THUNDER BAY – Aboriginal News – “Without the release of the historical records at Federal Archives there is no way the TRC can carry out their mandate,” said NAN Deputy Grand Chief Alvin Fiddler. “The Government of Canada’s refusal to produce millions of records in Federal Archives is making it impossible for the Commission to produce a final report that is accurate, clear and fair to the experience of residential school survivors. We want to know: What exactly is the federal government hiding from the survivors?”
Nishnawbe Aski Nation (NAN) Deputy Grand Chief Alvin Fiddler is appalled that the federal government’s refusal to release millions of historical Indian Residential School documents currently held by 23 federal departments is making it impossible for the Truth and Reconciliation Commission (TRC) to do its job.
The spirit of the Indian Residential School Settlement Agreement to create this Commission is to bring about healing and reconciliation. By withholding these documents, the survivors and their families do not have the confidence that the Government of Canada is committed to reconciliation.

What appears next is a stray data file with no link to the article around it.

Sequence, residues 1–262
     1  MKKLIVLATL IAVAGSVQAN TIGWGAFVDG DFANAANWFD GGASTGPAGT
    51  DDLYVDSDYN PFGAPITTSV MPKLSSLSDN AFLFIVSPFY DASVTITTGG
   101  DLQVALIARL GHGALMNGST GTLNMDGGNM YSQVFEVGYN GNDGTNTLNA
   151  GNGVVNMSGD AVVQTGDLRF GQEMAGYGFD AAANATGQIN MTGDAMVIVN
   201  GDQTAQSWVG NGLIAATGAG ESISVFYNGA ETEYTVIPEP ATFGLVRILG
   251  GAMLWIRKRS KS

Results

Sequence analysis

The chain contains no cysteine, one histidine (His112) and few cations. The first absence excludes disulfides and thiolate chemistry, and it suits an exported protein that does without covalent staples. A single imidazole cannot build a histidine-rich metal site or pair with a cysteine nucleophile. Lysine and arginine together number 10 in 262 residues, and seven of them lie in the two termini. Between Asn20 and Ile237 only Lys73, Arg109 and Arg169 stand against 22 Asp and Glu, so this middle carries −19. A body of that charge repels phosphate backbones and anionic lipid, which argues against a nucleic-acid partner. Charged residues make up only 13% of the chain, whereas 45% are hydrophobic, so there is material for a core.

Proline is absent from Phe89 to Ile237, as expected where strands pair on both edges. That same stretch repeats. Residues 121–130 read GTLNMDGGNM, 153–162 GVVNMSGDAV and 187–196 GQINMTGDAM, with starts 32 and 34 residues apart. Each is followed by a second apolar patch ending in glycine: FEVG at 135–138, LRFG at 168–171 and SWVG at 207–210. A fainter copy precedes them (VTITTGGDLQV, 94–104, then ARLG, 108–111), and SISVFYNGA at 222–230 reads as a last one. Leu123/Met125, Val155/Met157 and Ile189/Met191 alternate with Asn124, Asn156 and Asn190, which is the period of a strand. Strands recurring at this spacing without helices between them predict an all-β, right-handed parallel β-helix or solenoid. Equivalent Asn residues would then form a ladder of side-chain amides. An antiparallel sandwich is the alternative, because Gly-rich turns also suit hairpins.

The records are key to the successful conclusion of the Truth and Reconciliation Commission’s search for historical accountability and lasting reconciliation. Federal officials have been resisting the release of the historical records for years, and now it is clear that there are as many as four million records that are being withheld in Federal Archives.
“We are fighting to get these records released on behalf of over 4000 former students from Nishnawbe Aski Nation and their families,” said Deputy Grand Chief Fiddler.
Canada has produced 1 million Indian Residential School records, and intend on producing another 270,000. Canada estimates that there are 2.5 million records (“closer to 5 million”) currently held by the government, including the federal archives.